Our teachers work very hard. They have their own lives but give so much of themselves to our children all week long.
Inevitably, the time comes for us to have a talk with our child's teacher. We may have questions, there might be a problem in the classroom, or we may simply want to get a live progress report about our child(ren).
I also know that sometimes we are a bit frustrated. Maybe things aren't going as well as we'd like, even though school just started. Maybe our child is struggling and we need to connect with the teacher about solving the problem.
Regardless of our reason for approaching the teacher, there are some best practices for doing so.
Choose your channel - of communication, that is. Generally this will be email or face-to-face. Email is best for direct question/answer issues. For instance, "Jose says that there is no homework this weekend, and I don't see any listed on the website. I thought you were going to assign math over the weekend so I want to be sure there really isn't any math this weekend." Other concerns - behavioral, grades, goal setting - should be handled face to face (whether in the classroom or via zoom).
If you are going to meet with your teacher live, schedule an appointment. Drop off and pick up lines are NOT parent-teacher conference times.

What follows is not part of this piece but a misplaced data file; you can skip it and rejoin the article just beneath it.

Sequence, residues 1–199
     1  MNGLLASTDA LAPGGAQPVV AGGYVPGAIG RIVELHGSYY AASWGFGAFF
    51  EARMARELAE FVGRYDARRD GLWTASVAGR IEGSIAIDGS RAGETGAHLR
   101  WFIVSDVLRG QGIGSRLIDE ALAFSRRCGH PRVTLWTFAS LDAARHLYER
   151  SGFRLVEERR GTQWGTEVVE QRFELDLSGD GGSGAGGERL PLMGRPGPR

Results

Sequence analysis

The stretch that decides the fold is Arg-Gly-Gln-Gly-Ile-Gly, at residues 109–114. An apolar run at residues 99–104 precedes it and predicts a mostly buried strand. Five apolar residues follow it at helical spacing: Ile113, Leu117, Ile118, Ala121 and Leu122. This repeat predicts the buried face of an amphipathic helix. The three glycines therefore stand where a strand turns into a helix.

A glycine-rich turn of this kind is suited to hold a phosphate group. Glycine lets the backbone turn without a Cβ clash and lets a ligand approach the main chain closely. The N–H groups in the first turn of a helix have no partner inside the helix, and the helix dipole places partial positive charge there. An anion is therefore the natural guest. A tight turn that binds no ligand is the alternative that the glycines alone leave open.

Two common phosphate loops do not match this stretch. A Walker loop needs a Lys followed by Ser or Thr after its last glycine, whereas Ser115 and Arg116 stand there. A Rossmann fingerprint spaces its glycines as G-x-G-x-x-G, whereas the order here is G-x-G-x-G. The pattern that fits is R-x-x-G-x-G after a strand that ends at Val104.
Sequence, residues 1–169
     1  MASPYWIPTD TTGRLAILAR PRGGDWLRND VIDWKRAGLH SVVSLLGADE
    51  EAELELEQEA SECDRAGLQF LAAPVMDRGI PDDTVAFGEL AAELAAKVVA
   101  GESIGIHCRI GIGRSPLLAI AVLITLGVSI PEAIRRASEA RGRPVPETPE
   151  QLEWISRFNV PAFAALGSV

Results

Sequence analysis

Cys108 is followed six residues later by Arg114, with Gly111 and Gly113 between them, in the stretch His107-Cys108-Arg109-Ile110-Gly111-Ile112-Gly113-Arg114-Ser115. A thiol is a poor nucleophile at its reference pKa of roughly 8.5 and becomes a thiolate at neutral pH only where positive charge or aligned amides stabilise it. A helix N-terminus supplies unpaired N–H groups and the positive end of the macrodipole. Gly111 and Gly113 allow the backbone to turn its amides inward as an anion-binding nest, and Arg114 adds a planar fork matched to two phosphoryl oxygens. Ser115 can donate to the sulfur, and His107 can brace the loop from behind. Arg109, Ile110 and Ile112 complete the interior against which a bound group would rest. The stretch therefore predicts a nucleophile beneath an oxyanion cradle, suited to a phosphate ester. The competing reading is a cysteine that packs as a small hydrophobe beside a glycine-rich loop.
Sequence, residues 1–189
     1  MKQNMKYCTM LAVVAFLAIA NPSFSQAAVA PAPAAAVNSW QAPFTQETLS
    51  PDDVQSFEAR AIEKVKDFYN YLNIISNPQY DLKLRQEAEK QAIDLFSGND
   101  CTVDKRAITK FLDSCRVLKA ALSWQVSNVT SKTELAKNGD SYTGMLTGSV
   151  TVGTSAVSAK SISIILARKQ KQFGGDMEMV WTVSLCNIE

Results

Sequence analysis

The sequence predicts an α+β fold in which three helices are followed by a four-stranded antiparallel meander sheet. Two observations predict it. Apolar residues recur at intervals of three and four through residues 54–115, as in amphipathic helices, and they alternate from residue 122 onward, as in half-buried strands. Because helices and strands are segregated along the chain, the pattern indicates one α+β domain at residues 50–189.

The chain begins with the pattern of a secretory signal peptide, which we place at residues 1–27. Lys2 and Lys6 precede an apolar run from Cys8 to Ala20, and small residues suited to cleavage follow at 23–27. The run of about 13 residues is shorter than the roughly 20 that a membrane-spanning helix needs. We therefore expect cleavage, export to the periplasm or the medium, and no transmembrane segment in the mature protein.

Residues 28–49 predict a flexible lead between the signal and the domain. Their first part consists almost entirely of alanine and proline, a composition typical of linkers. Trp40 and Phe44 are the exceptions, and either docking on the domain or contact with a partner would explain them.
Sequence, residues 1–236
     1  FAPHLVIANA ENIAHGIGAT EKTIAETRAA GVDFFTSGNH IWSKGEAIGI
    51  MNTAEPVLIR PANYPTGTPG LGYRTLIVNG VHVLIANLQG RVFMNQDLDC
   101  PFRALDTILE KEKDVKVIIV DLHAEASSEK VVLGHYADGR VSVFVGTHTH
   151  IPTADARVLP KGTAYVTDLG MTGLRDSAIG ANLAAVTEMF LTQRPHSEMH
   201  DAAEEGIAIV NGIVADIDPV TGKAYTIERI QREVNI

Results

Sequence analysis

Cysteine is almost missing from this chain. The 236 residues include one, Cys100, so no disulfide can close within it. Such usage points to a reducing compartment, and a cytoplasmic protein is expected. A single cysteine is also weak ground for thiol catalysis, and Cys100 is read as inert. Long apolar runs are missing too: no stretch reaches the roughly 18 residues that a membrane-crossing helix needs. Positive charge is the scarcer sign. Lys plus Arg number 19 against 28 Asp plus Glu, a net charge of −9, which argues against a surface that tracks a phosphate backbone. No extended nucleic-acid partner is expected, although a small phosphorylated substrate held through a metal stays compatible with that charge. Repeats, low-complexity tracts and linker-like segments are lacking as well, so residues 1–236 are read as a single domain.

Once you meet with the teacher, honor his/her time and stay focused. Come prepared with your questions or concerns. If you have specific expectations for a solution, be clear about those, as well.
Keep your cool. Nothing gets resolved with tempers flaring.
Be respectful. Our teachers deal with a lot of children and parents They have a VERY difficult job, especially since 2020. Respect that they are doing the best they can and truly do want your child to succeed.
Be positive. Even if the teacher is doing something you don't like, don't accuse. Assume the best about his/her intentions. You can be sure they really do want the best for all students in the class, even if you aren't happy with how a situation is being handled.
Remember you're a team. Parents and teachers are on the same side, working for the same goal. Work together!
They are the expert. You are going to them for help. They are not your servant. Trust them to know what works well in the classroom, even if you are asking for some small changes. Take time to understand his/her perspective and reasons for doing what they do. Remember, sometimes a sacrifice of perfect for one is worth the overall good for everyone. We know our children best, but we also aren't in the classroom with everyone during the day. Our kids will not always like how teachers do things. It's a good life lesson. Trust the expert in the classroom.
Ask questions. Don't just assume the report you get from your baby is how the teacher perceives it. As with most conflict, the truth is probably somewhere in the middle. Ask what happened, why the teacher thinks it happened, and what the plan is for resolving the issue.
Be specific about your concerns. Instead of "I think Analise is having trouble in class" (pretty vague) try something like, "I know Analise is thrilled her best friend is in class with her, but I think sitting next to each other is proving to be a big distraction for Analise. Can we move her to a different seating area?" When you are specific about your concern and provide a potential solution, you are being proactive.
Teachers, what other suggestions would you make for parents? (scroll to the very bottom for comments area)
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